From what you hear through the noise of political argument, what would you say the National party stands for?
Lots lower taxes. Lots more hospital operations. Lots of choice of school. Lots and lots more roads, some private. Lots more prisoners in lots more prisons for a lot longer. Lots faster resource consents (except when farmers object). Lots less political correctness, especially for iwi (versus Kiwi).
But what binds that admixture of populism and lures together?
This question is important because, while populism and lures might be enough to win in 2008 if Helen Clark’s ministers keep stumbling and the economy goes sour, they are not the basis for a long-run durable government.
For that a party needs a widely shared — automatic — understanding of its approach to issues of the day and decade.
That doesn’t require fancy textbook philosophy. Nor does it descend from a schedule of “values”, though that can be an indicative summary.
It requires a deep sense of and consonance with what makes most folk tick in this society, how they see the world and how they do their daily business, what they hope for and how much policy leadership they want and will tolerate.
Also, increasingly in this emerging nation it means validating those folks’ heritage, the midden which they and their forebears have laid down here and which, without fuss, they now coming to recognise as distinctly their own.
Enter Chris Finlayson, lawyer, arts buff, new MP, former chair of the party’s policy committee and a member of the taskforce which wrote the hastily junked report on getting on with the United States.
In his maiden speech Finlayson picked up Sir John Marshall’s characterisation of the party in its dominant 1950s and 1960s decades. Marshall started out a professed liberal, though a distinctly mid-twentieth century one with a social conscience. By the early 1970s, when he became Prime Minister, he had grafted on a conservative modifier.
He called himself and his party “liberal-conservative”.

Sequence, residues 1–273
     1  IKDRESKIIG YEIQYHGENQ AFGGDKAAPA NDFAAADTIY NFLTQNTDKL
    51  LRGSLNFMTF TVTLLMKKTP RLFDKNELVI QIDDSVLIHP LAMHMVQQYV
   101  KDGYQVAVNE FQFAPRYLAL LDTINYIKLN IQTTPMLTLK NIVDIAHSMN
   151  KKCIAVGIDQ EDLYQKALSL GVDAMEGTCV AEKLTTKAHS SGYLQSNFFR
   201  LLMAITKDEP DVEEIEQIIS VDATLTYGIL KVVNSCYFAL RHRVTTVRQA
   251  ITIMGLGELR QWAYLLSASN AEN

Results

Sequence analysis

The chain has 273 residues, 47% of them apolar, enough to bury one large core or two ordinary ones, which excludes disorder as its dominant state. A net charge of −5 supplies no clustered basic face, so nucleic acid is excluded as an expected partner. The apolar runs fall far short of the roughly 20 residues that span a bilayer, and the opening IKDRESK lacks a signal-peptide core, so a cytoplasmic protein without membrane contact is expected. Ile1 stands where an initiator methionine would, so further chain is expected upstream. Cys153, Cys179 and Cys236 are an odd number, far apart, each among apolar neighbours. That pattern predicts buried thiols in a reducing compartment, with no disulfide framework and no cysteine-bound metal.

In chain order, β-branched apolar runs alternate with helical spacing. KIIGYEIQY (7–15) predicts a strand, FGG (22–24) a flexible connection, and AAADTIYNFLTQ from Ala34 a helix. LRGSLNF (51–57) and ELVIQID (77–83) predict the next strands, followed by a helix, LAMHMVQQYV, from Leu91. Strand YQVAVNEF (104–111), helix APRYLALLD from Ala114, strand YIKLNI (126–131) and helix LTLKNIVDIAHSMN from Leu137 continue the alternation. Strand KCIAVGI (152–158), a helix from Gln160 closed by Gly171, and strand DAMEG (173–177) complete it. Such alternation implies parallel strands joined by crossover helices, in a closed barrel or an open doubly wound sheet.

That encompassed a wide span of policies and attitudes, from reverence for Queen-and-country to a conference resolution in 1970 to decriminalise homosexuality. But it also incorporated a balancing tension.
The conservative strand valued societal order and (British) heritage and was suspicious of change. The liberal strand proposed change but at a moderate pace conservatives could live with. The hyphen linking the two strands was a respect for individual liberty.
This construct didn’t survive the 1960s values revolution and the 1970s world economic shocks. Sir Robert Muldoon veered into populist conservatism, Ruth Richardson administered a lashing of libertarian radicalism and subsequent leaders could not restore the balance.
Don Brash’s low taxes and one-law-for-all rekindled rank and file enthusiasm and sucked in money and votes. But that was only half the job. Last year’s potholed policy hotchpotch — a few lines for telecommunications and nothing on science, for example — fell far short of the confident, encompassing, Marshallian statement of who and what it is to be “National”. As the party nears its seventieth birthday in May, it is time to fill that gap.
That is Finlayson’s aim. Last week he won approval from the party’s board to set up a new group — he is toying with calling it “liberal” or “liberal-conservative” — with a formal place in the party structure and a role in delineating broad policy parameters and directions.
Finlayson’s group succeeds an anaemic “classical liberal” group, which held a breakfast meeting at the 2004 conference but seemed unsure what it stood for. “Classical liberal” is more ACT’s style (it calls itself plain “liberal”) than National’s, except for ACT’s “tenth MP”, Brash, and a handful of other caucus survivors of the 1990s.
Expect “new conservative” Bill English, now influential behind the scenes on policy strategy, to be onside. Likewise liberal new MP Tim Groser. And most of the other new MPs, who are a generally centrist lot.
Expect the group to value, even celebrate, our emergent heritage and the arts, which in Marshall’s time were National territory but now are Clark’s.
Expect it to edge also into constitutional matters — there is support among some new MPs and even former leaders for a republic when the Queen goes. Indeed, if we are going republican, National will have to lead because republican Labour doesn’t dare.
Expect the group’s liberalism to be moderate, not libertarian and its conservatism to be measured and deeply rooted in sensible social order, not degraded into 2005-style populist tub-thumping.
Expect it to bring a fresh view on the Treaty, more along the English and John Key lines, more cognisant of the fact of resurgent “Maoriness” and with a strategic eye on the Maori party.
And expect it to be influential? That is an open question. If the party as a whole is ready for it, it will be. My guess is that the venerable septuagenarian might just about be ready.